April 4, 2022
(NEW ORLEANS) – Carnival season may be over, but Trinh “Lilly” Vuong still has more to celebrate this year. Her family-run Vietnamese restaurant, Lilly’s Cafe, celebrated its ten year anniversary at its iconic Lower Garden District location last month, and plans to open a second location this fall.
After navigating two years of Covid-19 mandates and rising supply prices, Vuong is bringing her famous spicy tofu to the Uptown neighborhood. Vuong said she is grateful to her 70-percent local customer base and her family for carrying Lilly’s Cafe through the pandemic. All of her employees, which include her husband, younger brother, and mother, among others, worked to keep their doors open during a time that saw many longtime establishments permanently shutter.
“Without the family, I don’t think we could last this long,” Vuong said. “People come and go, but your family stays with you, and I’m so blessed to have my family.”
Ten years ago, Lilly’s Cafe was the first restaurant to open on a block of Magazine Street now known for its wide variety of culinary options. According to Vuong, this area was a different neighborhood when they first opened, with less foot traffic and fewer businesses.
“We were the pioneers,” Vuong said. “We’ve been recognized as part of the gem of the Lower Garden District.”
In July 2021, Vuong celebrated the restaurant’s upcoming anniversary with an interior remodel. Eater New Orleans recently named Lilly’s Cafe to their list of 38 essential restaurants, describing the new interior as “simple, clean, and inviting” while praising their pho broth for its ability to stand out in a city filled with authentic Vietnamese restaurants.
Lilly’s Cafe is regularly recognized by local publications like Gambit as a top spot for authentic Vietnamese food. This past fall, Vuong was given the opportunity to share her food and her family with a national audience after being featured in a video series by The Rachael Ray Show highlighting “the best neighborhood restaurants across the country,” as chosen by viewers.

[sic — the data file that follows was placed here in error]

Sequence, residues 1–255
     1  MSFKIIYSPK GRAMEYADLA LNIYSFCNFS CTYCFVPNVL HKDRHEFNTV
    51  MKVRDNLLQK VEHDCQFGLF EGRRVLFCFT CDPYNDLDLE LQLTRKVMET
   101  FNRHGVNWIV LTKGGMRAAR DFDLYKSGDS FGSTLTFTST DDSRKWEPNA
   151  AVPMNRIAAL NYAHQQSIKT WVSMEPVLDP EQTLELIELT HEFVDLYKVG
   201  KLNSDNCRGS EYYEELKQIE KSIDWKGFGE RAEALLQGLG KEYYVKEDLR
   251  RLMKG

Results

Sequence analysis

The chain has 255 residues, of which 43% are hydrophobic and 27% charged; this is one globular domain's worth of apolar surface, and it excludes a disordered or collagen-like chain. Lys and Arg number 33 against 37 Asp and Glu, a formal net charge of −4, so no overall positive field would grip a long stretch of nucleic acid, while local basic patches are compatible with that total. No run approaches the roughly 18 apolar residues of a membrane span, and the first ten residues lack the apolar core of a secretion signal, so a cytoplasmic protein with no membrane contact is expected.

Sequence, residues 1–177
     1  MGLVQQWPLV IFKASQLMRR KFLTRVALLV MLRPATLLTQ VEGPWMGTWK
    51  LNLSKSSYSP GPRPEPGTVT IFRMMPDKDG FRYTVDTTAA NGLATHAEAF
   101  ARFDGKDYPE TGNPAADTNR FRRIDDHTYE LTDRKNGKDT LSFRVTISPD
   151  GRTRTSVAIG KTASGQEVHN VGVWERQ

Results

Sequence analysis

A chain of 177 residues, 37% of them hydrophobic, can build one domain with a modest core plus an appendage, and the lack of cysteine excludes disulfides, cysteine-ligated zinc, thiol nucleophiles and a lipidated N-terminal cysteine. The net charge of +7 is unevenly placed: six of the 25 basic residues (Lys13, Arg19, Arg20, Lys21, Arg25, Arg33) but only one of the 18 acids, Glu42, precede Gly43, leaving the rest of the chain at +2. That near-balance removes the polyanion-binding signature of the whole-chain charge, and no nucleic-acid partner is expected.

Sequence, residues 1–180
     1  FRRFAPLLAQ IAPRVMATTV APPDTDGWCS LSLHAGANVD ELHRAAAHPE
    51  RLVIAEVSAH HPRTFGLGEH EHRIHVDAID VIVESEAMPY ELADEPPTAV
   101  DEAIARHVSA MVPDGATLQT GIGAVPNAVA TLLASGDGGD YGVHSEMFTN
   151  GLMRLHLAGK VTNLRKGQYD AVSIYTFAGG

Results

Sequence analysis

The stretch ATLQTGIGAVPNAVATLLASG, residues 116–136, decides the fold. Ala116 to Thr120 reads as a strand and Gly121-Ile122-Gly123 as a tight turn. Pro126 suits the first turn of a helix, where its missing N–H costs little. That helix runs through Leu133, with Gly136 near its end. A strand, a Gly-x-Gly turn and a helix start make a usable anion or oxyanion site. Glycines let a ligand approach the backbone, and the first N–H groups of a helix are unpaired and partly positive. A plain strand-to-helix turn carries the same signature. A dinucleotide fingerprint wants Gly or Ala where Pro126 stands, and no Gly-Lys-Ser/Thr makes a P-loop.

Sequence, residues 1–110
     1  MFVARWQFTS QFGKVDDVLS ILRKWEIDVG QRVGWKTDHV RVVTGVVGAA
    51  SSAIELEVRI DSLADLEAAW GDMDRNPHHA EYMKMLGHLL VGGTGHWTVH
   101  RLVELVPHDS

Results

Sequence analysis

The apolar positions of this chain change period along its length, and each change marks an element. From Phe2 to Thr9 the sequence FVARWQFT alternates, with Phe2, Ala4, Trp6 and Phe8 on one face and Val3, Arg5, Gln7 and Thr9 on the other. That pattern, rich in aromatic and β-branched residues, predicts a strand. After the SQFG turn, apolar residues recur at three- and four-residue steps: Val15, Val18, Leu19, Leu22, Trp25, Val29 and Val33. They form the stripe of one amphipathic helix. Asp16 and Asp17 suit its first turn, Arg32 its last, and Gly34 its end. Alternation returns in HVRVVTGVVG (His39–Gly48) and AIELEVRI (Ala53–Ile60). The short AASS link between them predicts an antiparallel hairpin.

“The rich pho broth simmered for eight hours imparts a decadence that puts it at the top of the city’s crowded pho list,” Eater New Orleans said.
According to the 2020 census, the current Vietnamese population of New Orleans and the surrounding area stands at about 15,000 due to an influx of refugees in the 1970s that have contributed to the cultural and culinary landscape of the city, including over a dozen traditional Vietnamese restaurants.
Lilly’s Cafe is able to compete in this landscape in part due to its devoted local customers. Many dined at Lilly’s with their families as children and now return as young adults to share the cafe’s cuisine with their friends, according to Vuong.
“Lilly does not know a stranger,” Lilly’s Cafe regular Ashley Easterly said. “Everybody who dines at Lilly’s is family.”
Another regular, Sara Karaosmanoglu, said everyone in the Lower Garden District knows Lilly because of her amazing food and hospitality.
“Trinh is a dedicated business owner who runs the whole show, but at the same time makes it seem like you are her favorite and most important customer,” Karaosmanoglu said.
When Easterly and her partner ventured from their usual Vietnamese spot to discover as many different Vietnamese restaurants as possible, they did not get very far before heading back to Lilly’s as their new go to spot.
“Once we found Lilly’s, we all but abandoned our quest to find more Vietnamese restaurants, it was that good,” Easterly said. “I think part of the charm for us was that Lilly’s offers a lot more in the way of vegetarian options than other Vietnamese restaurants in New Orleans.”
At Lilly’s, vegan and vegetarian options are prepared in a separate part of the kitchen from other dishes to prevent any cross-contamination. The menu also features gluten-free options.
Once the new Uptown location of Lilly’s Cafe is up and running, Vuong hopes one day to open an all-in-one bakery, restaurant, and Asian supermarket to continue to share her family’s culture with the city of New Orleans. She said her hopes are high after a busy Mardi Gras where they served over 300 customers a day, only about 20 percent less than their usual Carnival season numbers pre-pandemic.
“Every day I want to be better,” Vuong said. “When I come in, we are busy…You see that, you’re happy, you see the love and the appreciation, the love for food. Because Vietnamese food is still small. A lot of people still don’t know what’s Vietnamese food…so it makes us feel very happy that my culture, my food is out, and people know about it.”